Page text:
Review Summary: Why is Willie the only one on this site who has rated this album? WHY?3 of 3 thought this review was well written
Every now and then you’ll come across an album which makes you think ‘How in the hell have I not heard of this before?’ The album is a superb, genre-making album which has eluded your grasp. Usually, it’s because the album is itself unknown to the masses, and only lives through the legacy it has left in a particular genre. Into the Depths of Sorrow
is one of those albums. Solitude Aeturnus
is a Doom metal band from the USA, more specifically Texas. The band was first formed in 87, under the name of Solitude
, but underwent a name change and two demos (88, 89) before releasing their debut album Into the Depths of Sorrow
in 1991. I was only introduced to them recently (thanks to Willie), but I’ve been blown away by how good they are. They fuse technicality, power metal elements, melody and an overall feeling of despair all into one album, the typically titled Into the Depths of Sorrow
The first thing to note is the technicality of the album. Speaking from personal experience, I think that Doom metal does not rely on technical music at all. Bands like My Dying Bride
,or Swallow the Sun
, are not technical. Solitude Aeturnus
is the band that proved me wrong. Due to the heavy power metal influence, the album is a blend of up-beat technical metal and slow and emotive Doom. All the instruments are very well executed, not only delivering technicality, but also creating atmosphere and portraying emotion. I’ll begin by pointing out the guitar work: all the riffs are generally very good, sounding very heavy but still retaining melody. This sets Solitude Aeturnus
apart from other Doom bands, who solely feature slow and predictable riffs. However, the real stand-outs are the guitar solos. The band wastes no time in showing this talent; the first song after the introduction, ‘Opaque Divinity’, has an incredible guitar solo. This trend continues through all the songs. Alongside the guitars, the bass is one of the best parts of the album: you can actually hear it! I was very glad that the bass was audible; it definitely made the album a much better experience. The drums also, are extremely well done. ‘Dream of Immortality’ is a good example, it has some excellent drumming, shifting between quick and tightly executed drumming to slow beats that drive the slower more doom-orientated parts. ‘Transcending Sentinels’ also has good drumming. Technically, this album is a joy to listen to, but it does not let the technicality take control; melody and emotion rise above the technicality.
The one thing that differentiates this album (and band) from the Doom metal bands that originated in the early 90s are the vocals. Correct me if I’m mistaken, but bands like My Dying Bride and Katatonia both were formed in the early 90s and featured harsh vocals rather than clean vocals (this obviously changed as the bands progressed). Into the Depths of Sorrow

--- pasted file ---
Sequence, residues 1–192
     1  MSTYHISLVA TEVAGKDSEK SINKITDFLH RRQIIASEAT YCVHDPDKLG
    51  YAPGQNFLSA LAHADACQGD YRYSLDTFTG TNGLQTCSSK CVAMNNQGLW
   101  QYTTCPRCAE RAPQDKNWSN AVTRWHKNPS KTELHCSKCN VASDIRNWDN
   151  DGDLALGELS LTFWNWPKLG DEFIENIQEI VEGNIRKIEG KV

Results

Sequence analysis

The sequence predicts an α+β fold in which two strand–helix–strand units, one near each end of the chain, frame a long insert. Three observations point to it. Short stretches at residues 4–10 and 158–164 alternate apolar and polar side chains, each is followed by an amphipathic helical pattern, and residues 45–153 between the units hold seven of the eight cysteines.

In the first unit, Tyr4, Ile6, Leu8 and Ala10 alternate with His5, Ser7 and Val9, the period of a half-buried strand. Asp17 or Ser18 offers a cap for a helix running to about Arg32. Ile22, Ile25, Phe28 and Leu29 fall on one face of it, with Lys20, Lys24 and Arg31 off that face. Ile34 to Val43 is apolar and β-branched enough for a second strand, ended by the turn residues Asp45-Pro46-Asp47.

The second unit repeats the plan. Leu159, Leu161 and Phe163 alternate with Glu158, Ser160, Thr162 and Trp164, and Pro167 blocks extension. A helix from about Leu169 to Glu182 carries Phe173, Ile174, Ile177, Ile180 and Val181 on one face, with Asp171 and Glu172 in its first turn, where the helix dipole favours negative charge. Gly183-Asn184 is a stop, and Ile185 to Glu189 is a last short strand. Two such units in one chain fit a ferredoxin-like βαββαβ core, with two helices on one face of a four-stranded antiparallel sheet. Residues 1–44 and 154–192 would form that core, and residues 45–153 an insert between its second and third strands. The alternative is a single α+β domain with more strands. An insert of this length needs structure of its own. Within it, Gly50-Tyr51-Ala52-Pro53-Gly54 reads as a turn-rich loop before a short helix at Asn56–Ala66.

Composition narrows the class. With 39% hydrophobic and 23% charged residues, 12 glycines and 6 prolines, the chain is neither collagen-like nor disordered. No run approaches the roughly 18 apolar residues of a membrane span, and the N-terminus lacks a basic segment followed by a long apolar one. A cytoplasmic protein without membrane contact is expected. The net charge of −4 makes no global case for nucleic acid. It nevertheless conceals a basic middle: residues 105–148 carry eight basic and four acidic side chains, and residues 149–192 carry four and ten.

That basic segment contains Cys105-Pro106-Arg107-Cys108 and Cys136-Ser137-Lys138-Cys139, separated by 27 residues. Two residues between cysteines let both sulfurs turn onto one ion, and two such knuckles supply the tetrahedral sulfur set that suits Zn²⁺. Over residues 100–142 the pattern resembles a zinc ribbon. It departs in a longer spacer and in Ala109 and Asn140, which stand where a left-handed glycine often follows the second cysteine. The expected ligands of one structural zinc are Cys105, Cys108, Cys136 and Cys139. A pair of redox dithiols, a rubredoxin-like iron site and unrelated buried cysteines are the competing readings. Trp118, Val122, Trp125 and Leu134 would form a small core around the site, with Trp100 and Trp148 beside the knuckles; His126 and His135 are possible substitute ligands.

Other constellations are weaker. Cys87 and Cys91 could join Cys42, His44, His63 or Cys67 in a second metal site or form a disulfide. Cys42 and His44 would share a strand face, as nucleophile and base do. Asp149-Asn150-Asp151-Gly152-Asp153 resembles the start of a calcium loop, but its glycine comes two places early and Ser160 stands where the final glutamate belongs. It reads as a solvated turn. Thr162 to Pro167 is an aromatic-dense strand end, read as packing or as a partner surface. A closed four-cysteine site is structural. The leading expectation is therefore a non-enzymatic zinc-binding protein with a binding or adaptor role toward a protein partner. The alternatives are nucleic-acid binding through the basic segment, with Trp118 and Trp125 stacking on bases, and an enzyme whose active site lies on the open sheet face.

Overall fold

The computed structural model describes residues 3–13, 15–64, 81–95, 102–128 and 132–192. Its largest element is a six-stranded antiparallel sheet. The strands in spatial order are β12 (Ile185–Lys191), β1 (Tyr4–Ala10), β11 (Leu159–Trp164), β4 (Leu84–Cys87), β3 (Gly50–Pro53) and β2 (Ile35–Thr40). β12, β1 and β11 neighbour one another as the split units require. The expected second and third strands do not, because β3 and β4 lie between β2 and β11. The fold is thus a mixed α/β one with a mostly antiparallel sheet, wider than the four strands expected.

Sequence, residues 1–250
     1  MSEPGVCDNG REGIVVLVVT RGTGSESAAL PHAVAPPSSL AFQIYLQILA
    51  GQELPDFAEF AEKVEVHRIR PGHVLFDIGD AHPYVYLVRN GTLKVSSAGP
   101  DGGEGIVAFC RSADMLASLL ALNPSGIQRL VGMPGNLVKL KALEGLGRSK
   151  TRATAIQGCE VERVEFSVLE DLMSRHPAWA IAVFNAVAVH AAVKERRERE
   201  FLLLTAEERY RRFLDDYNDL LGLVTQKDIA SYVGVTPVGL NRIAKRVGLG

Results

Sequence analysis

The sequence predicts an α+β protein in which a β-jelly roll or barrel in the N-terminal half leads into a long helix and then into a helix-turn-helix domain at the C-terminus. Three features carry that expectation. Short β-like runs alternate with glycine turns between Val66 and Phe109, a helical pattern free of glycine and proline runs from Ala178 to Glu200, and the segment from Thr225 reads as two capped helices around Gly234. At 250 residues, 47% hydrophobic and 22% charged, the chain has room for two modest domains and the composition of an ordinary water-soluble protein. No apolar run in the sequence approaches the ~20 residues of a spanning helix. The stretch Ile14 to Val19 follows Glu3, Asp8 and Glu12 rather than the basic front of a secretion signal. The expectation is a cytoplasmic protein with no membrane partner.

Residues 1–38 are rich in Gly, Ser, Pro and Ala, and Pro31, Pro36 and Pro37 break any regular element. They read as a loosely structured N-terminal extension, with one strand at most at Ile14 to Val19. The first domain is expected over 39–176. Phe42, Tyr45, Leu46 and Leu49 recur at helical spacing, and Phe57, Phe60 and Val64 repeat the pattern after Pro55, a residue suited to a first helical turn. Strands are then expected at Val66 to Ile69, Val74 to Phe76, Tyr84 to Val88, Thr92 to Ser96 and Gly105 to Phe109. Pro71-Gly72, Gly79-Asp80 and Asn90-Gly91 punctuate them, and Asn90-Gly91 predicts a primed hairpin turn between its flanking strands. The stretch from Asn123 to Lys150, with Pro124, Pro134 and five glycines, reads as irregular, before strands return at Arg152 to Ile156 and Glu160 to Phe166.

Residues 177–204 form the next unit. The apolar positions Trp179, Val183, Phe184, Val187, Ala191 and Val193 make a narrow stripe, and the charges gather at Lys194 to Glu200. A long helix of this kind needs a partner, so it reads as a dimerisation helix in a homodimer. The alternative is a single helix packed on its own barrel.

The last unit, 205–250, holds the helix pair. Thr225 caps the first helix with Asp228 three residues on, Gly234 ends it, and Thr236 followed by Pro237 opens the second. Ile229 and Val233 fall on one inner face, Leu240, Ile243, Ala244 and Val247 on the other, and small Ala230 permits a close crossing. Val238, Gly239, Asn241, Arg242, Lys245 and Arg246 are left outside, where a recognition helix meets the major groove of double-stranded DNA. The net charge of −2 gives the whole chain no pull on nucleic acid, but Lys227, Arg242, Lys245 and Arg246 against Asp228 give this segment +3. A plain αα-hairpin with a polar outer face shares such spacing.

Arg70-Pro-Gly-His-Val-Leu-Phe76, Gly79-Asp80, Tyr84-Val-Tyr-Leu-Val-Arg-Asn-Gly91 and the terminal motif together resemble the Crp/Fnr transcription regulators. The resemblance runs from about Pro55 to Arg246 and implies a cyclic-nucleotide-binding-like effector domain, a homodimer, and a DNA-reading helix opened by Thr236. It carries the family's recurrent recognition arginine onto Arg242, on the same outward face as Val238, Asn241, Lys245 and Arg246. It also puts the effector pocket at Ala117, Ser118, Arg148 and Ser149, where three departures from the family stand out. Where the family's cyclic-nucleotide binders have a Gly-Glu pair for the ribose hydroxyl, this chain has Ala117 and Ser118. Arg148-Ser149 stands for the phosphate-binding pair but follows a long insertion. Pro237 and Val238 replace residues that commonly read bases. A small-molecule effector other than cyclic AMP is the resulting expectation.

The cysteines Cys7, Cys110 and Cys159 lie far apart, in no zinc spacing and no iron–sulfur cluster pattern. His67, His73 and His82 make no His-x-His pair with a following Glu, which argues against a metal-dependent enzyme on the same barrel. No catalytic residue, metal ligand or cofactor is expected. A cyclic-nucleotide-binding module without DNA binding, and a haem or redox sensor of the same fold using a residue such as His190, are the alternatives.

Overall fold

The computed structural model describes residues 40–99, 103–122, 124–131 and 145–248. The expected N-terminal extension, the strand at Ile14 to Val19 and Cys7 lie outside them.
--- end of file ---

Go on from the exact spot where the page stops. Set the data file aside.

has only clean vocals, which is probably a product of its birth in the 80s, and the obvious Candlemass
influence. Robert Lowe was the vocalist for Solitude Aeturnus at the time (still is, I think), and has a very distinctive voice. The best way to describe it is that it has the style of Iron Maiden’s
Bruce Dickinson, but the tone and intensity of Judas Priest’s
Rob Halford. Similarities aside, Lowe still has a very strong and unique voice which complements the music brilliantly. He occasionally turns a sorrowful wail into a snarl as well, which I thought sounded very cool. His intense wails are immense, and just pull you right into the music. However, as good as he is, his vocals are not perfect. After I while I noticed that in his more intense and high moments it seemed as if he was trying to reach a certain note but not being able to. This thought was also backed up by my girlfriend (who actually knows about singing). Other than that, I really enjoyed his wailing voice; it really added a sense of despair to a lot of the songs.
As an album overall, the music is very diverse. Listening through the entire thing, I did not hear any tracks or sections which reminded me of other tracks on the album. Every song is original, and just a delight to listen to. Hence, there is not much repetition, so you won’t get bored of the album at all really. I’m still surprised to see that this album, and Solitude Aeturnus
, are relatively unknown. The album is definitely one of the pioneers in the evolution of the Doom metal genre, and should not be overlooked. It caters for an enormous range of listeners: you don’t need to like doom metal or even power metal to like this album. It stands on its own, and is absolutely sublime.
- Blends doom and power metal very effectively
- Has a good range of songs
- The vocals soar as high as eagles
- The music is brilliant
- Production is good for an approximately 17 year old album.
- Easily accessible
- Lowe’s vocals have that little annoying thing mentioned before
- My review isn’t that good (it bugs me)
Mirror of Sorrow (definitely my favourite song on the album)
Dreams of Immortality